A Brief History of Martin Luther King Day

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A brief history of MLK day

Who is Dr. Martin Luther King, Jr.?

Born on January 15, 1929, Michael Luther King, Jr. (later changed to Martin) came from a middle-class family rooted in Southern Baptist ministry. His parents, Martin Luther King, Sr. and Alberta Williams King, were college educated and devoted most of their time to the Baptist church. His grandfather started the long tenure of pastors at Ebenezer Baptist Church in Atlanta where Dr. King was born and raised. Ministry ran through Dr. King’s blood and in 1954, he become pastor of the Dexter Avenue Baptist Church in Montgomery, Alabama. As a dedicated civil rights activist, Dr. King led the first great nonviolent protest in the U.S. in December of 1955. This bus boycott lasted 382 days and ended with the U.S. Supreme Court ruling that segregation on public buses was unconstitutional.

Why do we observe MLK Day every January?

Americans observe and celebrate his legacy on the third Monday of January in honor of Dr. Martin Luther King, Jr.’s birthday on January 15. The Federal holiday was officially recognized in 1983, and all 50 states made it a government holiday by 2000. MLK Day focuses on the ongoing issues of civil rights and encourages people to devote their time to community service and reflection of justice and compassion for all.

At The Los Angeles Film School, we observe the MLK holiday as a day off for all students, staff and faculty. This is a great opportunity to recommit your time to service projects within your community. We encourage everyone to get active and find ways to continue Dr. King’s legacy of compassion, service and education.

What is Dr. Martin Luther King Most Known For?

Dr. Martin Luther King, Jr. is considered one of the greatest non-violent Civil Rights leaders of the 20th Century. He is responsible for activating one of the most momentous and far-reaching pieces of legislation in U.S. history—the Civil Rights Act of 1964. The act banned discriminatory practices in employment and ended segregation in public places such as swimming pools, libraries and public schools. Dr. Martin Luther King, Jr. was present when President Lyndon Johnson signed the Civil Rights Act into law on July 2, 1964.

What are the important milestones of the Civil Rights Movement?

Brown vs. Board of Education

1954 – Brown v. Board of Education

The U.S. Supreme Court ruled unanimously (9-0) that racial segregation in public schools violated the Fourteenth Amendment. However, public schools in Southern states remained almost completely segregated until the late 1960s.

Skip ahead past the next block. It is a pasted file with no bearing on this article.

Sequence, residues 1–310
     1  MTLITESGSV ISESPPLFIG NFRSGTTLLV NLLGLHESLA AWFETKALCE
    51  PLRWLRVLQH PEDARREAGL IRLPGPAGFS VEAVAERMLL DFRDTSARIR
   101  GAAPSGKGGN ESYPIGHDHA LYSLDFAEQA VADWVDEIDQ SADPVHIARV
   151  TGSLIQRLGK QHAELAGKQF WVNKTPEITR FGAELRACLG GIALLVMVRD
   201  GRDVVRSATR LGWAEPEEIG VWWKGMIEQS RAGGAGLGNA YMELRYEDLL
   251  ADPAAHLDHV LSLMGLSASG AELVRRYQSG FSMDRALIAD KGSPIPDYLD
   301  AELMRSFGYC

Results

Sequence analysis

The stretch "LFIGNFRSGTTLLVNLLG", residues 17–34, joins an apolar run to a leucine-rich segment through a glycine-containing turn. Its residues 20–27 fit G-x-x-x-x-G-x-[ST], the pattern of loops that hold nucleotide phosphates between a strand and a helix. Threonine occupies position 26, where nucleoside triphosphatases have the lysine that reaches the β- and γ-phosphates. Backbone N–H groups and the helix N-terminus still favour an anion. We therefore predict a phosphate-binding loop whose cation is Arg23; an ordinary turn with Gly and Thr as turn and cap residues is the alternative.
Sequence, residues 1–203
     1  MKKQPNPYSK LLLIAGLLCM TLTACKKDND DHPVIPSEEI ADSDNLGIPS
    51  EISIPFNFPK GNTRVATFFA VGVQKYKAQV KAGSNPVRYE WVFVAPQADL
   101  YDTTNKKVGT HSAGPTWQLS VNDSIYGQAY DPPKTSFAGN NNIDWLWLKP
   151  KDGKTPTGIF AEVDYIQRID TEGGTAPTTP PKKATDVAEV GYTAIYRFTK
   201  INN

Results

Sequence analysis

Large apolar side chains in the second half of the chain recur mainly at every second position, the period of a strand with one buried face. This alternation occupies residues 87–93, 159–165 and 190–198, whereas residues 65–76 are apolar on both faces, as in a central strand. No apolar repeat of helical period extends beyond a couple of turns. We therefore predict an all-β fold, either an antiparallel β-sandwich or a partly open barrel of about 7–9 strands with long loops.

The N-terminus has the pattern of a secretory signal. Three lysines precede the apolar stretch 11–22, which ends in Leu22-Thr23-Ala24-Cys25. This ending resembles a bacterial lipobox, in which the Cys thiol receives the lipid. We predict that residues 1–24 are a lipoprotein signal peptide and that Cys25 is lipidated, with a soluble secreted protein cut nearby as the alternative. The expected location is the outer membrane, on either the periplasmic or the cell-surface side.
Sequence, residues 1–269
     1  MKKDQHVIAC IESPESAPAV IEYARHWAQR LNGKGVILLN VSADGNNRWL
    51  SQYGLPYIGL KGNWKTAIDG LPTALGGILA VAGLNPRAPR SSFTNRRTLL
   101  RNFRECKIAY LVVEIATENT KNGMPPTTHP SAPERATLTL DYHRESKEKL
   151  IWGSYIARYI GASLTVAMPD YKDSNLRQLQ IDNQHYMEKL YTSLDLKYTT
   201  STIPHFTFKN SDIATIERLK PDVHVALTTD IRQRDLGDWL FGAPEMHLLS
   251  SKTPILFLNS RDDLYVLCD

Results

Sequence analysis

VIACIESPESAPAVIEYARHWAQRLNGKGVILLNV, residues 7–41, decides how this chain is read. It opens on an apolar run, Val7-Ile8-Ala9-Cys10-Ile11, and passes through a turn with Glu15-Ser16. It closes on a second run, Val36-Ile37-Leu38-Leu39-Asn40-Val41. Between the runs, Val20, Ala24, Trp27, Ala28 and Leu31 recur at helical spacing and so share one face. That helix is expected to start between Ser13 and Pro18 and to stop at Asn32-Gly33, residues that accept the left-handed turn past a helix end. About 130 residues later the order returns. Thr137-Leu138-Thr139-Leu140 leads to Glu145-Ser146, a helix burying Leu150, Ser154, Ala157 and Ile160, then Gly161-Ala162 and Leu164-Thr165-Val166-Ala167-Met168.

1955-56 – Montgomery Bus Boycott

A boycott against the municipal bus company in Montgomery, Alabama started with Rosa Parks refusing to give up her seat to a white man. Dr. Martin Luther King, Jr. helped facilitate the boycott that lasted until December 21, 1956.

Montgomery bus boycott
Greensboro Four

1960 – The Greensboro Four

Segregation was still widespread even with the civil rights victories that were penned into law. On February 1, 1960, four Black students from North Carolina A&T walked into a Woolworth store and sat in the “Whites Only” section. The store owners alerted the police, but the students were not breaking any laws and were paying customers. The media response sparked more peaceful protestors to join in and finally, the lunch counter at Woolworth began serving Black patrons in July of 1960.

1963 – Lincoln Memorial, “I have a dream”

On August 28, 1963, Martin Luther King, Jr. led a peaceful assembly of more than 200,000 protesters at the Lincoln Memorial in Washington, D.C. In his famous speech to the crowd, Dr. King demanded equal justice for all and that all Americans deserve the right to life, liberty and the pursuit of happiness.

MLK Speech
Civil Rights Act of 1964

1964 – Civil Rights Act is signed into law

President Lyndon B. Johnson signed the Civil Rights Act of 1964 after it was proposed by President John F. Kennedy in 1963. The Voting Rights Act followed the law the following year and aimed to ensure that Blacks could exercise their right to vote under the Fifteenth Amendment. 

1966 – Black Panther Party

A Black Panther party was an empowerment group that organized between 1966 and 1982. They campaigned for Black equality and have influenced modern social movements such as Black Lives Matter. Key Black Panther participants include Huey P. Newton, Angela Davis and Fred Hampton.

Black Panthers

Present-Day Activism


How can you give back on MLK Day?

There are many service organizations that observe MLK Day each year. Giving your time to a good cause is an important step toward honoring Dr. King’s legacy on MLK Day. If you are a resident of California, visit California Volunteers to find service opportunities in your area. You can also visit our MLK Day service blog post to find more nationally-recognized organizations.